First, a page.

Ash feeding moths

Tony Simpson

There has been speculation about the possible effects of Ash “Die Back” on our insect populations and I thought some information on local moths associated with this tree would be of interest.

Ash has few associated moths probably because it is a chemically well protected species and the larvae feeding on it need to be highly specialised to cope with this. Some Ash feeders also feed on related Privet species which are also in the Oleaceae family, as are Forsythia and Lilac.

Amongst the larger moths the common Centre-barred Sallow Atethmia centrago overwinters as an egg and feeds, mainly on the flowers, in the spring. Similarly the larva of the Dusky Thorn Ennomos fuscantaria feeds exclusively on this tree, as does the more uncommon Tawny Pinion Lithophane semibrunnea.

Amongst the micromoths the uncommon Zelleria hepariella feeds in a web on the young leaves in June; the common Prays fraxinella mines leaves and shoots causing drooping of young leaves in the spring; the recently separated Prays ruficeps also feeds in a web on leaves as well as mining shoots; the common Pyralid, Euzophera pinguis, feeds under the bark of mature trees, as does the rare Tortrix, Pammene suspectana.

All these species are therefore likely to be seriously affected.

The recently spreading Coronet Craniophora ligustri seems mainly to feed on Ash but is said to also feed on Privet. Ash Pug Eupithecia fraxinata is nowadays usually considered to be a form of Angle-barred Pug Eupithecia innotata which has coastal populations on Sea Buckthorn and Tamarisk in the U.K, but inland it is a rare Ash feeding resident with only three confirmed modern Worcestershire records. The nationally rare Barred Tooth-striped Trichopteryx polycommata feeds on Ash as well as more usually on Privet, but our last local record was in 1979. I have seen Privet Hawk Moth Sphinx ligustri larvae on Ash in West Wales but Privet is the usual food plant and we have only two modern records of this species.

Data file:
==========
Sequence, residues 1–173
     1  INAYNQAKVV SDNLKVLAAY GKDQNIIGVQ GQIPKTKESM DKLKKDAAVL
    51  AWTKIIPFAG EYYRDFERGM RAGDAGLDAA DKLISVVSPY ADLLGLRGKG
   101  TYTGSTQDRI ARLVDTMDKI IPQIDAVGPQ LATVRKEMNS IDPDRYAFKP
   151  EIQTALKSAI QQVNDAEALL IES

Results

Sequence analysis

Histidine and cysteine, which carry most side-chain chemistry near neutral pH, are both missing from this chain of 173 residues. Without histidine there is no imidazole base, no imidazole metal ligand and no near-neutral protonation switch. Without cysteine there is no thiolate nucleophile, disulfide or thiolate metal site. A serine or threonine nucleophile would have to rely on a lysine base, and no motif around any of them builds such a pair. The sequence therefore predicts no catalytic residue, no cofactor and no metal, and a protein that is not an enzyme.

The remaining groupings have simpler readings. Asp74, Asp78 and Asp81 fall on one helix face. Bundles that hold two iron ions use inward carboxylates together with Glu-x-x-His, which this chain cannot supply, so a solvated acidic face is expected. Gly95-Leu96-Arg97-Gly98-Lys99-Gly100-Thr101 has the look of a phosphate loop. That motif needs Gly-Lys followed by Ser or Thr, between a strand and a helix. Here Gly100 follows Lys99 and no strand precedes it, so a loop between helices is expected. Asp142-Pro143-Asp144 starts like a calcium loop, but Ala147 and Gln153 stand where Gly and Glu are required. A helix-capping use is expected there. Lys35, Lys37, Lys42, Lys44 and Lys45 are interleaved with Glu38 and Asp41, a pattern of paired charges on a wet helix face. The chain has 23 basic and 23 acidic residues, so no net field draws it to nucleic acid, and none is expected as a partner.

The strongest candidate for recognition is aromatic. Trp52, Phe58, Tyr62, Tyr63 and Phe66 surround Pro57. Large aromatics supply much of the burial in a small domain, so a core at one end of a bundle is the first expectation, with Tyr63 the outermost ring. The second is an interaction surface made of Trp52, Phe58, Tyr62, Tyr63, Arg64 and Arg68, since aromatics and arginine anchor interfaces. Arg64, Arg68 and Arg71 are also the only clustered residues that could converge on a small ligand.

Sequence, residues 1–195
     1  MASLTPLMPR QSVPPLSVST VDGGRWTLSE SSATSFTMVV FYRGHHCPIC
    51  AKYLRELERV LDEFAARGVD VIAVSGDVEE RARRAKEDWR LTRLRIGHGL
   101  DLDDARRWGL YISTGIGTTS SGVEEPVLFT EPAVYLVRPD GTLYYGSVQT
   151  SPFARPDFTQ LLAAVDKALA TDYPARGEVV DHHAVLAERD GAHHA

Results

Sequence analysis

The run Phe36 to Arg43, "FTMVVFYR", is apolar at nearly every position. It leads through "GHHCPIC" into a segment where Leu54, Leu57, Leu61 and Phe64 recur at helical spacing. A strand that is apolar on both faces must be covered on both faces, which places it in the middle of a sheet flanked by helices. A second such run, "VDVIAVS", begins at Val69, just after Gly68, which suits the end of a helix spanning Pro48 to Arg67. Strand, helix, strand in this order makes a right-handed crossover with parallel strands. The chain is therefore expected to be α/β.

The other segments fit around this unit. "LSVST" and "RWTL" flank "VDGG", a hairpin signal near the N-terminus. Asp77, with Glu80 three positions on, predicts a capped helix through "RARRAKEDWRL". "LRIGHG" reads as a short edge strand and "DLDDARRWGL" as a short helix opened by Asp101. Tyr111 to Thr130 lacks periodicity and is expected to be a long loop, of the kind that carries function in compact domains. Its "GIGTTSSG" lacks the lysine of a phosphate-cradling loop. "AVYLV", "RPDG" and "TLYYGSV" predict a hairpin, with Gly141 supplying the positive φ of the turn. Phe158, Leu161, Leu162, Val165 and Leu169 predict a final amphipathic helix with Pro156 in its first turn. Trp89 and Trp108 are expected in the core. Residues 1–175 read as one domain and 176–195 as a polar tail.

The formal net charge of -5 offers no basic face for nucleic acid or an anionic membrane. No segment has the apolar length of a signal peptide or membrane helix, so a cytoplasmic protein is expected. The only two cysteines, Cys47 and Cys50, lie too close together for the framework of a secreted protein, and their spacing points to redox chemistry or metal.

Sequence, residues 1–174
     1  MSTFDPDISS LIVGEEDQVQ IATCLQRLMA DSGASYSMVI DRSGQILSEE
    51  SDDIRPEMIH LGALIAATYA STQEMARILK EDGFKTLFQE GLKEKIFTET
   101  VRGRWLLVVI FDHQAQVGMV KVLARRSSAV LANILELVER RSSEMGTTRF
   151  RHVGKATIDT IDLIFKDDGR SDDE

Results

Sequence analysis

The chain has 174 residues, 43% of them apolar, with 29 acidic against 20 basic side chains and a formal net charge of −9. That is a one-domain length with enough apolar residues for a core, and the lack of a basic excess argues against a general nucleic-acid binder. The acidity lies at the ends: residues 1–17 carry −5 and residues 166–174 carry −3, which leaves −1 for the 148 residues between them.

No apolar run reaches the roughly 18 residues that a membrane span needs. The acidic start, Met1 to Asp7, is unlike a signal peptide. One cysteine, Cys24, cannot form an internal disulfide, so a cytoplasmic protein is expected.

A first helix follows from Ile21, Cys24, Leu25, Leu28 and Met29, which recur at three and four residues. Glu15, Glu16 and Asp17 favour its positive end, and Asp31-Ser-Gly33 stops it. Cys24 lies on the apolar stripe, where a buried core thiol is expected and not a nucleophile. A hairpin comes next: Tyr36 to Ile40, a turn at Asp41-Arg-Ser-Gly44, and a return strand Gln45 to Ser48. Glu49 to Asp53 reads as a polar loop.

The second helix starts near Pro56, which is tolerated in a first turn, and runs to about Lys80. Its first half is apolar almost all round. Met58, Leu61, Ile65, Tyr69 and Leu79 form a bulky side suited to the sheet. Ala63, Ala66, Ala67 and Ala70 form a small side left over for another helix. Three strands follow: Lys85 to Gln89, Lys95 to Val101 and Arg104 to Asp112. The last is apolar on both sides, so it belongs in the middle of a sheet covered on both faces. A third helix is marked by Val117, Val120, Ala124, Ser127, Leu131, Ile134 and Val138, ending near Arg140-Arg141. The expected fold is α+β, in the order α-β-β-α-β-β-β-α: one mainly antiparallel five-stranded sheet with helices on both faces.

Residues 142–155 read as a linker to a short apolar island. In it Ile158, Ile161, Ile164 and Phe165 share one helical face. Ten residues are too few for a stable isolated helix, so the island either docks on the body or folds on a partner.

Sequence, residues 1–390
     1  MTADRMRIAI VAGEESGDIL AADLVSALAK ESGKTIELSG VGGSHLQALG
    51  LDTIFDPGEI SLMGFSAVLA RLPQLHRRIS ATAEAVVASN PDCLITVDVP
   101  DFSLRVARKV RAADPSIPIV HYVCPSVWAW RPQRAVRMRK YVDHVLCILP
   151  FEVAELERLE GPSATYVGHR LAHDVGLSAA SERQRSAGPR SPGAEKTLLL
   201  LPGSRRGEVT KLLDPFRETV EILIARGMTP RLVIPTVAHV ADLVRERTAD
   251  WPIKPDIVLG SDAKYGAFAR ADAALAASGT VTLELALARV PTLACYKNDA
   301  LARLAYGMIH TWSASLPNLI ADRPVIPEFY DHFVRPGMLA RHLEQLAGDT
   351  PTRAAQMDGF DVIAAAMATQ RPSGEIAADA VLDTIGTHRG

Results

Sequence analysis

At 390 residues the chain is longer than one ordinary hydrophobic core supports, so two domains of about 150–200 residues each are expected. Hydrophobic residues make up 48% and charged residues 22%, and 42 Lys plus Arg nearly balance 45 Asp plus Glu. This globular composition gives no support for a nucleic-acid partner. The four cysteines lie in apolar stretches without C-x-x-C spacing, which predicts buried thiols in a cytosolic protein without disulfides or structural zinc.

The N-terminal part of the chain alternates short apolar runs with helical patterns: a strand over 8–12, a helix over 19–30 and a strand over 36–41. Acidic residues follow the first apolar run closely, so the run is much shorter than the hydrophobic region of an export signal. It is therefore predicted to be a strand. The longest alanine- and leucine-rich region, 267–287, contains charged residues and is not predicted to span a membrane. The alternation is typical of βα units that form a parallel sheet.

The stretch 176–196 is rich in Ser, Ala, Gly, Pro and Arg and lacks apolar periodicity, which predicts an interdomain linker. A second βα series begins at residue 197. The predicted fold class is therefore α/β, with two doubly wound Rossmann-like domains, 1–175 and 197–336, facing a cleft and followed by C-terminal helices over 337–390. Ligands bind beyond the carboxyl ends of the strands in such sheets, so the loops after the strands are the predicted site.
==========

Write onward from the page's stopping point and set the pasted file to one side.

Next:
The common micromoths Caloptilia syringella (also on Privet and Lilac) and Pseudargyrotoza conwagana (also in berries of wild Privet) are Ash feeders, as is Caloptilia cuculipennella (also on Privet) a recent arrival in the county.

It is possible loss of Ash will significantly affect these species but as they do apparently have alternative food plants they may not be so seriously affected. A lot will depend on how quickly and completely Ash is lost from the environment.